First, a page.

Until now, provinces have not anticipated expanding the vaccination campaign to include people younger than that for several more months, most in what they call Phase 2 or even Phase 3, of their vaccine program.

Alberta Health Minister Tyler Shandro said the provincial government has decided to follow NACI's advice and not give Oxford-AstraZeneca to anyone over the age of 65.

"How that's going to change the administration of those who are in Phase 2 is still to be determined," he said. "We'll be making those decisions and announcing them fairly soon."

The NACI advice follows similar plans in many European countries. The European Medicines Agency said the vaccine could be used on all adults, but a number of countries decided not to use it for seniors because of the limited clinical data.

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AstraZeneca ' s offering -- like Johnson & Johnson's vaccine and Russia's Sputnik V -- uses an adenovirus to carry genetic fragments of coronavirus into the body. Updated advice . Previously, the team developing the Oxford / AstraZeneca vaccine said it had an "an average efficacy of 70%," with The vaccine 's efficacy after two doses is 62%, so it looks likely that the higher number would only be very short-lived. "At a time of increasing rates of infection, hospitalization and death from Covid - 19 , greater clarity is urgently needed over any risks associated with extending the second dose window to

AstraZeneca said its vaccine , developed in collaboration with the University of Oxford , was assessed over two different dosing regimens. One showed an effectiveness of 90% when trial participants received a half dose, followed by a full dose at least one month apart. The other dosing regimen showed 62% efficacy when given as two full doses at least one month apart. Pascal Soriot, CEO of AstraZeneca , said the development marked an "important milestone" in the fight against the global health crisis.

However, France reversed course Monday, with French Health Minister Olivier Véran saying Oxford-AstraZeneca was, along with Pfizer-BioNTech and Moderna, remarkably effective against COVID-19.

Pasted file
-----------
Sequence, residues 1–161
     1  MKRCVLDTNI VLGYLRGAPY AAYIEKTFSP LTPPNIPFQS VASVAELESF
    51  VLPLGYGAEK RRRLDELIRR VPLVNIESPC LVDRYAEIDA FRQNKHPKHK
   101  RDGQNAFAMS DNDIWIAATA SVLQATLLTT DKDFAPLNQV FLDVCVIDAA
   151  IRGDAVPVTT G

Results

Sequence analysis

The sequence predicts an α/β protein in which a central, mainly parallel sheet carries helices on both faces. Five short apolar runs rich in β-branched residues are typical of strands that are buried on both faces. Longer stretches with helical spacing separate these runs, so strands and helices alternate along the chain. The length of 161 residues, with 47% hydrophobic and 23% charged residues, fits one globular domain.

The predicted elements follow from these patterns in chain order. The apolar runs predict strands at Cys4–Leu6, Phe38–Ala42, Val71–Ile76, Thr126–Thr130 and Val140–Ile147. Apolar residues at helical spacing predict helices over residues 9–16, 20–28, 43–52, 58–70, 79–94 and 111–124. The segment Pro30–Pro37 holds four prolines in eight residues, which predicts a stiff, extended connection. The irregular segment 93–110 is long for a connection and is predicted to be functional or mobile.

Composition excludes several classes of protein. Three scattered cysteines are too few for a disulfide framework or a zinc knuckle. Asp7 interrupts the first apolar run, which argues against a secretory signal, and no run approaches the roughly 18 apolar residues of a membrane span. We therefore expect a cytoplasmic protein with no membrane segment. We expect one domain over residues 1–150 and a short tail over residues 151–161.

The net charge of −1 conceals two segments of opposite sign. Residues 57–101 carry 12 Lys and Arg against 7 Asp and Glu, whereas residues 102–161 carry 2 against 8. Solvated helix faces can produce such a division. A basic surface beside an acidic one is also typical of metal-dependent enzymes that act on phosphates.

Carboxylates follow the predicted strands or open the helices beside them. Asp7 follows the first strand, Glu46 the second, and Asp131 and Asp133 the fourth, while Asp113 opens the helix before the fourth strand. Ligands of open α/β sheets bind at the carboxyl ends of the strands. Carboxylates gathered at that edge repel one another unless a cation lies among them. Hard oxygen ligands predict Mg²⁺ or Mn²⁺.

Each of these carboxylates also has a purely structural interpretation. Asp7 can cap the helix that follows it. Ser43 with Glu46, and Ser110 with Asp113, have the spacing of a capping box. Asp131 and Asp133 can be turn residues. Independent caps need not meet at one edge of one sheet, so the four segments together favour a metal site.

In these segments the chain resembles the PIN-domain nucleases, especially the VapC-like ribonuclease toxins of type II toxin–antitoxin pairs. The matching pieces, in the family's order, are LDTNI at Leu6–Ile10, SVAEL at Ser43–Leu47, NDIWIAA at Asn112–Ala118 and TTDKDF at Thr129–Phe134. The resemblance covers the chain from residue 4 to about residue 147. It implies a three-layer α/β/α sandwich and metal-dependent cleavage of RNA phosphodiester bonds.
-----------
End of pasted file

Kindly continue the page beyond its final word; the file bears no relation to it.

A study released last week by Public Health Scotland, where the Oxford-AstraZeneca vaccine has been in use since Dec. 30, found COVID-19-related hospital admissions among seniors fell 94 per cent after getting the vaccine.

Nearly 500,000 people in the study had received the Oxford-AstraZeneca vaccine, most of them over the age of 80.

When vaccines are tested in clinical trials, thousands of participants get the vaccine and a similar number receive a placebo. The vaccine maker then waits until a minimum number of people are infected with COVID-19, and compares how many of those infected got the vaccine and how many did not.

Not enough seniors were among the group who did get infected with COVID-19 to be useful to draw conclusions in the Oxford-AstraZeneca trial. However, data on blood samples showed seniors given the vaccine did develop the antibodies to COVID-19 in similar levels to younger individuals.

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Pifzer-BioNTech and Moderna both had more substantial data for older participants in the clinical trials.

Both Pfizer-BioNTech and Moderna reported about 95 per cent effectiveness at preventing COVID-19 overall, while Oxford-AstraZeneca reported its vaccine to be about 62 per cent effective.

Dr. Supriya Sharma, the chief medical adviser at Health Canada overseeing the regulatory review, said Health Canada's authorization is not out of step with the NACI recommendations.

Sharma said Health Canada noted the concerns about clinical data but authorized the vaccine for use because the data showed the vaccine to be both safe and effective in all adults.

"I agree with the recommendation," she said Monday in an interview with The Canadian Press.

She said the preference is for those most vulnerable to get the vaccines with the best data available, but for those who are less vulnerable, getting this vaccine now could provide a significant benefit to them and to reducing overall COVID-19 caseloads.

This report by The Canadian Press was first published March 1, 2021.

Mia Rabson, The Canadian Press

First shipment of AstraZeneca vaccine arrives amid confusion over its use for seniors .
OTTAWA — The first doses of the Oxford-AstraZeneca COVID-19 vaccine are set to arrive in Canada today as confusion persists over who should get it. Canada is to receive 500,000 doses of the vaccine, the third approved for use in Canada, from the Serum Institute of India. But questions about who should receive the Oxford-AstraZeneca vaccine continue amid conflicting guidance about its use. Health Canada last week authorized its use for all adult Canadians but the National Advisory Committee on Immunization recommended Tuesday that it not be administered to people 65 years of age or older.